Nuclear Arms Control Is For Realists

Nuclear Arms Control Is For Realists

The world is on the brink of a new arms race.

In 2023, Moscow suspended the New Strategic Arms Reduction Treaty (New START), withdrew from the Conventional Armed Forces in Europe Treaty (CFE), de-ratified the Comprehensive Nuclear Test Ban Treaty (CTBT), linked the resumption of arms control with the United States to a change in U.S.-Russia policy, at least implicitly threatened the use of nuclear weapons and announced the transfer of non-strategic nuclear weapons to Belarus, putting the world on the brink of another Cold War. In addition, the U.S. Congressional Commission on Strategic Posture recommended additional nuclear capabilities to counter a projected increase in Chinese nuclear warheads from 410 today to over 1,500 by 2035. The preparatory meeting of the Nuclear Non-Proliferation Treaty (NPT) Review Conference in August 2023 also ended without a joint factual summary.

The reasons range from a changed geopolitical climate, the rapid expansion of China's nuclear arsenal, and technological innovations, such as long-range conventional weapons, to domestic political polarization in the United States. Under these conditions, which include an increased interest in nuclear deterrence in Europe, the Middle East, and Asia, the first goal of arms control must be to minimize the risk of unintended military escalation, especially between nuclear powers. It should build on positive developments, such as establishing a communication channel between the Russian and U.S. defense ministries in March 2022 and the resumption of U.S.-Chinese military communication in December 2023, preceded by discussions on the dangers of artificial intelligence in nuclear decision-making systems.

The following measures are therefore advisable: restraint in maneuvers, troop movements, and deployment in the NATO-Russia contact zone; steps to prevent an arms race with new INF missiles in Europe; the reaffirmation of the nuclear taboo at the highest political level; the preservation and use of civil society channels for dialogue to capture the drivers behind nuclear build-ups, nuclear rhetoric, and changes in nuclear doctrine; and backward learning from Cold War risk-reduction measures.

The NATO-Russia Council is currently unavailable as a risk reduction format as it is suspended for the foreseeable future. The OSCE, on the other hand, is paralyzed but can be utilized in the future to provide information on defensive positions and military doctrines. It also makes sense to discuss nuclear risks in the P5 process of the five permanent members of the UN Security Council, which China will chair in August 2024. Finally, non-nuclear-weapon states that adopt a more geopolitically neutral stance could exert pressure on nuclear-weapon states to fulfill their disarmament obligations under the NPT.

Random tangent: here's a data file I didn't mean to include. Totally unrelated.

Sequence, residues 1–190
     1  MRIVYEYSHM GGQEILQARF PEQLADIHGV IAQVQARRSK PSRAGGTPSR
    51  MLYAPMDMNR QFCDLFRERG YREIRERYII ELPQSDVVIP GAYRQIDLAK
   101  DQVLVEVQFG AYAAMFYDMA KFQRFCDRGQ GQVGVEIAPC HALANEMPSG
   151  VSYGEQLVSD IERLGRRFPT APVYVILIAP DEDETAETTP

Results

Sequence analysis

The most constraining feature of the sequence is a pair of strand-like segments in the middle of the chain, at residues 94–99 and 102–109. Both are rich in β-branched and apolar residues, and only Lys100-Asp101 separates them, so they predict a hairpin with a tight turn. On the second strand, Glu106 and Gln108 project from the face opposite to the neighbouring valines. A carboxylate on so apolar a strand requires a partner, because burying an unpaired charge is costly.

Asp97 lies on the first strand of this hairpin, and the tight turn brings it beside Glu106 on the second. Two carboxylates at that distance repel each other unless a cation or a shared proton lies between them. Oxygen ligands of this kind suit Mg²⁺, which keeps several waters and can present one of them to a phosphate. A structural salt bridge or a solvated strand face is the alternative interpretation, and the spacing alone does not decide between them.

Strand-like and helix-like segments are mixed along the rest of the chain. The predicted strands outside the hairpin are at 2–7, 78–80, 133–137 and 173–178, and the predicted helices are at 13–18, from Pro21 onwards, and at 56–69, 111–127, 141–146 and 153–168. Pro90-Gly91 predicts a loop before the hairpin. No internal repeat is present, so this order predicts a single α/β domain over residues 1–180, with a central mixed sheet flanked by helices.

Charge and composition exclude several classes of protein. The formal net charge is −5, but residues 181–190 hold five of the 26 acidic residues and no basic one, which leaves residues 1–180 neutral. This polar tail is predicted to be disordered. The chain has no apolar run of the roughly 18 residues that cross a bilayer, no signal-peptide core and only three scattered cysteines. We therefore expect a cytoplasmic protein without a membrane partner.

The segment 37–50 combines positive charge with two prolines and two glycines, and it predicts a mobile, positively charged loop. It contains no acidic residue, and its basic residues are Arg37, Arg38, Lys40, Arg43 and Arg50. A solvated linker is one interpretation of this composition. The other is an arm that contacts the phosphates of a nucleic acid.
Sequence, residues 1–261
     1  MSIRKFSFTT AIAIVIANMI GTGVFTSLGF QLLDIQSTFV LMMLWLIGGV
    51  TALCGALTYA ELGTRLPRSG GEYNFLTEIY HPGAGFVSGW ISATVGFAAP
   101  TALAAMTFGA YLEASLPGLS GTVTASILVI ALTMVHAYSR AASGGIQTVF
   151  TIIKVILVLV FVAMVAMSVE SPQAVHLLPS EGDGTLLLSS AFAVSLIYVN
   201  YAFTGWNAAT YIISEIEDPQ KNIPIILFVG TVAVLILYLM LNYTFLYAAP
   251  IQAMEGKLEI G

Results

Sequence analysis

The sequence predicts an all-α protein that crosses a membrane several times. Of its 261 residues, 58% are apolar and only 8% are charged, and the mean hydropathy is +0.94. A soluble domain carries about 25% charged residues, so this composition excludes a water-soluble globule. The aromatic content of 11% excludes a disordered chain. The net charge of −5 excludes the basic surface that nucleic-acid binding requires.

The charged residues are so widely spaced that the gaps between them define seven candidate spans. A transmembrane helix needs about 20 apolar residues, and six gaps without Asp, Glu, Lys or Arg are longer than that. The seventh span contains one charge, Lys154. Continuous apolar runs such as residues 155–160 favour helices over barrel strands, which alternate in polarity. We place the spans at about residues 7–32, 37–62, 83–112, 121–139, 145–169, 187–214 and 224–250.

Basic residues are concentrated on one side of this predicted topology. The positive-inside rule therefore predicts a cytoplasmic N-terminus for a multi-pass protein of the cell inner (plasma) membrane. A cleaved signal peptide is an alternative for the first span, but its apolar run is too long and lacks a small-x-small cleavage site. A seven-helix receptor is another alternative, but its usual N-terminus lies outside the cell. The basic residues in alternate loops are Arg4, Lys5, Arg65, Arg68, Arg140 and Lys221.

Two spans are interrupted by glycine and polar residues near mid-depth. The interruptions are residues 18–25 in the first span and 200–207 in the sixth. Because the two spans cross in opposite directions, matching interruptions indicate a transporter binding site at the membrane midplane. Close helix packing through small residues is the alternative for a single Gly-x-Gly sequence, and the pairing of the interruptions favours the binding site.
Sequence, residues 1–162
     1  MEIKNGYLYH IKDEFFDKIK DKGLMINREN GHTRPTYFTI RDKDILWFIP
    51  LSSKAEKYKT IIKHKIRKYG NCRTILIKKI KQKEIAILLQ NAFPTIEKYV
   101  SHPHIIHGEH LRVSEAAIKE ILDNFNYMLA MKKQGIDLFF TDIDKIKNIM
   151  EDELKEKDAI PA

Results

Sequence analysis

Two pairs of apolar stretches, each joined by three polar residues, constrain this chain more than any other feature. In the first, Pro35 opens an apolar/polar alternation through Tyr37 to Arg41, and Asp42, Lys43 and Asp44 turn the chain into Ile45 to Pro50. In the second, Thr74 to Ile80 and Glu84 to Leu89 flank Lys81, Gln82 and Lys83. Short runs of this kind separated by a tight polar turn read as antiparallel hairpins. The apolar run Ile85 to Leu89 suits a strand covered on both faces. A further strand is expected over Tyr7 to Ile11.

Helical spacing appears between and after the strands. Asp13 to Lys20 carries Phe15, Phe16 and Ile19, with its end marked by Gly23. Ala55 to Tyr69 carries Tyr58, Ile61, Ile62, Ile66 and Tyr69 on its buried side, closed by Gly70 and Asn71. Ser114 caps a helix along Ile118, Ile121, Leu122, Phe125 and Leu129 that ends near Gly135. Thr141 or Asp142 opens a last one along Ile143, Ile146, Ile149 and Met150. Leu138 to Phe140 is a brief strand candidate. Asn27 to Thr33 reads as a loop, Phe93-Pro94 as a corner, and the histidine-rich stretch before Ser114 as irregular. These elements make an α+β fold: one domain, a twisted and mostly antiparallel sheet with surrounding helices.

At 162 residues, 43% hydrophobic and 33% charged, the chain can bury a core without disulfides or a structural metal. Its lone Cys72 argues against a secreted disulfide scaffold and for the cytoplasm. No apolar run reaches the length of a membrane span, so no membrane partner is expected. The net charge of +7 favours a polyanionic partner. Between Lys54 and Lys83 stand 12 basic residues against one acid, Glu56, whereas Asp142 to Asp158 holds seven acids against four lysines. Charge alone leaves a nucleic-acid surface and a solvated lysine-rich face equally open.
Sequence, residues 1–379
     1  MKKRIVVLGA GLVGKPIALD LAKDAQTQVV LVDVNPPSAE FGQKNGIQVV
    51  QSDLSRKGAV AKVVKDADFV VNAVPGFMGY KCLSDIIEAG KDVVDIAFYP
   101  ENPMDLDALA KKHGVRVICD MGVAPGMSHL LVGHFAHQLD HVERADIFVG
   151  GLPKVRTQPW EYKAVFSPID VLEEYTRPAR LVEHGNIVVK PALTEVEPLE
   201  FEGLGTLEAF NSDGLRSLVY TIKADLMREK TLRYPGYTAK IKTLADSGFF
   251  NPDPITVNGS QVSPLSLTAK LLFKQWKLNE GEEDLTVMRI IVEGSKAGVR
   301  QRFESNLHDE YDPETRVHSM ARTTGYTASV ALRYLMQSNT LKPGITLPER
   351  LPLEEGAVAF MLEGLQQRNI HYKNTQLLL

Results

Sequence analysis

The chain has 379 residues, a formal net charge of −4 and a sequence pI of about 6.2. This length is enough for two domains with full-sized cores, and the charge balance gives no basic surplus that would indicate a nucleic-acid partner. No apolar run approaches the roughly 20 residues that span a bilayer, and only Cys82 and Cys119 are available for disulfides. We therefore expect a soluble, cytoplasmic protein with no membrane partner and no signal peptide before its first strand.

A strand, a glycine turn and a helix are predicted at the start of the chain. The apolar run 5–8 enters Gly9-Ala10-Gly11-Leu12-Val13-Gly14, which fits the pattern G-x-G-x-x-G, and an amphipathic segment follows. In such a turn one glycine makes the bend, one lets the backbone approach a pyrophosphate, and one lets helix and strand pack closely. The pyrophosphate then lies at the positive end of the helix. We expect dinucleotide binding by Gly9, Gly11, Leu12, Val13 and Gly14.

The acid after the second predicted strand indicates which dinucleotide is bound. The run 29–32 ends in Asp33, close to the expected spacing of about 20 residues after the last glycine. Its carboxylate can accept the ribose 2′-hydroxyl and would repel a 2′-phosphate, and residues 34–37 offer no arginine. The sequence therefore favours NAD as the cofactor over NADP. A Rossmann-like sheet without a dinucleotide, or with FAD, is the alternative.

Even if these steps do not lead to arms control agreements, they can prepare the ground for future progress, complementing other agreements, such as a ceasefire in Ukraine. In the meantime, more traditional calls for a return to full implementation of New START or discussion of possible successor or alternative agreements should continue. However, more is needed. The risks of the use of nuclear weapons and for the Zaporizhzhia nuclear power plant in the Ukraine War have not been eliminated, nor have the dangers of unintended military escalation in East Asia. The United States and Russia are also finding it increasingly challenging to verify the number of warheads on each other's nuclear missiles because the inspections provided for in the New Start Treaty are not currently taking place.

To make matters worse, there is a growing chorus of voices in Russia, as well as in the United States, China, and Europe, calling for higher risks to be taken to increase chances of asserting their interests. The often-unspoken premise is that there is a high degree of escalation and risk control when push comes to shove. This tendency to play vabanque is further encouraged by an attention economy that rewards those who have traded academicism for greater visibility, those who are suitable for a headline but not for sound analysis and policy advice.

For the foreseeable future, the space for arms control will be determined by the requirements of defense and deterrence. This is not unusual when the global balance of power is being rebalanced. For the time being, Moscow is opposed to compartmentalizing nuclear strategic issues because it sees Ukraine's potential Western course as a strategic threat. According to Moscow's view, the West must remove itself from Ukraine, just as the Soviets removed their nuclear missiles from Cuba. This makes understanding tricky as long as the war is still ongoing.

To be effective, arms control advocates must accept the current situation. They can do so with confidence because it is ultimately better suited to managing great power rivalry than approaches that allow no compromise and rely on the other side constantly blinking first. In a nuclear world, absolute thinking is irresponsible, intellectually dull, and unsuitable for statecraft. Arms control was never for friends. It has been and is for realists. And that is as it should be.

Dr. Tobias Fella is the project head in the Berlin office of the Institute for Peace Research and Security Policy at the University of Hamburg (IFSH). His research focuses on the possibilities of arms control in an age of deterrence and great power rivalry. Follow him on X @tobiaspfella.